College Democrats Make Closing Statement for Biden; Republicans Silent on Trump

Jacob Hale, Senior Editor

Senior Editor Jacob Hale asked the Vanderbilt College Republicans and Vanderbilt College Democrats to make a closing case for their party’s respective presidential candidate just days before the election. While the College Republicans declined to make a statement in support of Donald Trump, Devon Shewell represented the College Democrats in a closing argument for Joe Biden. The transcript of the video interview can be found below.

Vanderbilt Political Review: Welcome, everyone! Here we have Devon Shewell, the president of Vanderbilt College Democrats, to give us his case for Joe Biden as Election Day approaches. Thank you, Devon, for joining us and if you’d like to give us a brief introduction and why you think Joe Biden is the right man to be President of the United States.

Devon Shewell: Yeah, thank you so much for having me, Jacob. We’re in a really crucial time in the history of our country, and of course we’re at a crucial time when it comes down to this election in Tennessee early voting comes to a close today when we’re filming this, and Election Day is just around the corner, so there’s a lot to be done still. The case for Joe Biden is as strong as it’s ever been. We can see what’s going on around this country, whether it be the current president’s failures to handle the coronavirus, a total ineptitude in dealing with issues of racial violence and systemic racism in this country, specifically police violence, that we’re seeing at every level. We have policy failures that have been lasting for the last four years, whether it be on climate, immigration tax reform, you know. At every single level, the President has failed everyday Americans and has continued to make it easier for the rich and powerful to continue to be rich and powerful while people struggle. And a Biden presidency will change that course and really reclaim the soul of the country, as Vice President Biden likes to put it. At the end of the day, it’s a really clear choice. You know the choice that valuing, what America or the better part of America stands for in diversity, in acceptance, and in really building up a coalition that can make the future of America better for everyone. And then there’s a vision of America that the current president has. It’s taking us down a disastrous path. So I think the choice is really clear and I’m more than happy to talk a little bit more about that and answer any questions you might have.

VPR: Thank you for sharing that, Devon, and my first question for you is about the number one issue in this campaign, which is the federal government’s response to the coronavirus. Why do you think a Biden administration would handle the coronavirus better than a second term of the Trump administration?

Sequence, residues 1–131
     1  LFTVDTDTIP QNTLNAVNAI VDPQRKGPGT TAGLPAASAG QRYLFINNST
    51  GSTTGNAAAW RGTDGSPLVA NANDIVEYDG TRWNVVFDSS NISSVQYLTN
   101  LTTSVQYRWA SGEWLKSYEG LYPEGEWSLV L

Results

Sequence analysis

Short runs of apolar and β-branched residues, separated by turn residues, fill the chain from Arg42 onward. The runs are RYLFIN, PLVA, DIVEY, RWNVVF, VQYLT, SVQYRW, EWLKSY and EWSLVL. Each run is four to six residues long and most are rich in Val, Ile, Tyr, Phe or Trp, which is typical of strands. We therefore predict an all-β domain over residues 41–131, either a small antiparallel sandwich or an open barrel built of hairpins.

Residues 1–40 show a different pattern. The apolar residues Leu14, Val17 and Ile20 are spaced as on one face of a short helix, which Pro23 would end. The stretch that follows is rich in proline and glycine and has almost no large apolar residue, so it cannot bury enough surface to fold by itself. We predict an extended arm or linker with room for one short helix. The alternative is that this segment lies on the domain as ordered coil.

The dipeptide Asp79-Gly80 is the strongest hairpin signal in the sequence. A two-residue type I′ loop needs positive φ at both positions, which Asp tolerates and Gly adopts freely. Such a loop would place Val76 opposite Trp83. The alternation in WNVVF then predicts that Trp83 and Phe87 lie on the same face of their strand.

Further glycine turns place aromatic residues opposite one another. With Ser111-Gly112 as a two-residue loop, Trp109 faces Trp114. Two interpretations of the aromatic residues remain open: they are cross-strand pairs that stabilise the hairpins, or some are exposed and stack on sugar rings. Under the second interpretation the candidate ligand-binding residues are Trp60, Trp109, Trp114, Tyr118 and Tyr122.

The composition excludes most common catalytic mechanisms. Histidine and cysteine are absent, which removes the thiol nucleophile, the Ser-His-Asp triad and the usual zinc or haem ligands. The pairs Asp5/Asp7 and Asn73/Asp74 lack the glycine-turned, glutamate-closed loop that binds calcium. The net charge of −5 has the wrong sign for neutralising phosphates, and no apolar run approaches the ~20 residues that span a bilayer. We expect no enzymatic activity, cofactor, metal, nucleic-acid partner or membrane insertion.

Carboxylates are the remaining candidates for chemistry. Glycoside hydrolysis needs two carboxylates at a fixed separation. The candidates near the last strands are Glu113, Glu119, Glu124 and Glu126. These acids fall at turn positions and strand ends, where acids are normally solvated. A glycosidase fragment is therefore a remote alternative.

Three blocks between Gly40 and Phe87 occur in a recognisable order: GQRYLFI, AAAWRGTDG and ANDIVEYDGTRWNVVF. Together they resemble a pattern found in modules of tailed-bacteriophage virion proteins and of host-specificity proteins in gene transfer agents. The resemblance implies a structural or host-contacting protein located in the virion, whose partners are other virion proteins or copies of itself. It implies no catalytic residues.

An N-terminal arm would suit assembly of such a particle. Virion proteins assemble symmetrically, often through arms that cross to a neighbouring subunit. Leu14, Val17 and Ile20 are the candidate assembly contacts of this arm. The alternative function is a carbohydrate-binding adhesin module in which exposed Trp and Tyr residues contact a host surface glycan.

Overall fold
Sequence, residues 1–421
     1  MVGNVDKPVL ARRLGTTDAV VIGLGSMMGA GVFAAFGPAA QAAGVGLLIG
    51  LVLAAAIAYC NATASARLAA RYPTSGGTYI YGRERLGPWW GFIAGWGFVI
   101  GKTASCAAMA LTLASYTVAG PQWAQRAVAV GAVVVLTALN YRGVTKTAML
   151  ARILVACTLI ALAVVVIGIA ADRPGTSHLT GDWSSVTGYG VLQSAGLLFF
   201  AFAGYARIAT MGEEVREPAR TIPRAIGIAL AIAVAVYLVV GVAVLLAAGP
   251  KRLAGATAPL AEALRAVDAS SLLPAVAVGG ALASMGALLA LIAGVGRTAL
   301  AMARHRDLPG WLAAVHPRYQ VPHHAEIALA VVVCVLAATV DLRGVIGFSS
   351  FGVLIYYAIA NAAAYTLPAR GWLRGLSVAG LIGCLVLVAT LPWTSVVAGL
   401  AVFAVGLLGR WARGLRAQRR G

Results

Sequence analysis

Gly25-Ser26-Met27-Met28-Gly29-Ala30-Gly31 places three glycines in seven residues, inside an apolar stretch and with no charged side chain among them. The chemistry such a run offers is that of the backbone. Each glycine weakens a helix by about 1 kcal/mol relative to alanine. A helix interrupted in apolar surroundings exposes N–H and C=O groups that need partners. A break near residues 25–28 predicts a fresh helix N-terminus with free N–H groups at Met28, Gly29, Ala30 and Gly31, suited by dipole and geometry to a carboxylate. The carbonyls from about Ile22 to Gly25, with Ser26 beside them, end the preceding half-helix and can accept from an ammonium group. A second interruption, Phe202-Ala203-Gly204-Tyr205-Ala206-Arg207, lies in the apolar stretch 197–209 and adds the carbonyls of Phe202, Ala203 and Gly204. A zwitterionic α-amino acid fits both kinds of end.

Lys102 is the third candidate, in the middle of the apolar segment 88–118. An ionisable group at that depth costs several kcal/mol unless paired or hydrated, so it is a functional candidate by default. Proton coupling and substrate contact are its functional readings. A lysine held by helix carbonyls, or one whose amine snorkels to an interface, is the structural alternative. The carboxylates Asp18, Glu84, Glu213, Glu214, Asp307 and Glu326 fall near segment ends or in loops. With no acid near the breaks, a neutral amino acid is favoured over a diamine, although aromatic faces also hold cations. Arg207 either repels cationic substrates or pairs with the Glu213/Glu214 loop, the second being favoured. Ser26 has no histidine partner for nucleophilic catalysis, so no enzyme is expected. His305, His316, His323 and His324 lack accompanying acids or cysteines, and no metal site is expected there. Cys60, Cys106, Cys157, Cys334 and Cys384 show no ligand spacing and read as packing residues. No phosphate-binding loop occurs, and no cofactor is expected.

DS: Yeah, that’s a great question, Jacob. Thanks. I think there’s a couple of important elements to that answer. First, the Biden administration is prepared to handle a pandemic, and they built off of the Obama administration’s, the Bush administration’s pandemic response plan. That plan got thrown out of the window when it came down to President Trump’s administration. Second, and probably most importantly, President Biden, would respect the basic level of science that’s going into stopping this pandemic. We’ve seen exactly what happens when President Trump is given authority and power in these situations and it’s an utter disregard for public health, whether it be flaunting around without a mask, fighting against mass mandates and the general advice of public health officials. We’ve even seen that within his administration, and then within Vice President Pence’s little close circle. The reason that coronavirus is spreading like wildfire in those circles is because they just don’t care. A Biden administration will take coronavirus seriously. It will take coronavirus at every single level seriously, so not just at the virus level, but also at the repercussions and the impact of that virus, and it will listen to science. It’s really clear that, to me at least, that the Trump administration has, and Republican administrations at the state level have, failed colossally at fighting coronavirus, and I really truly believe that the Biden administration and Democratic administration would do much better.

VPR: Thank you for that, and just sort of as a follow up question, there has been a lot of economic devastation as a result of the coronavirus pandemic. A lot of small businesses, especially, are struggling. Why do you think that Biden is the right man to address these economic woes?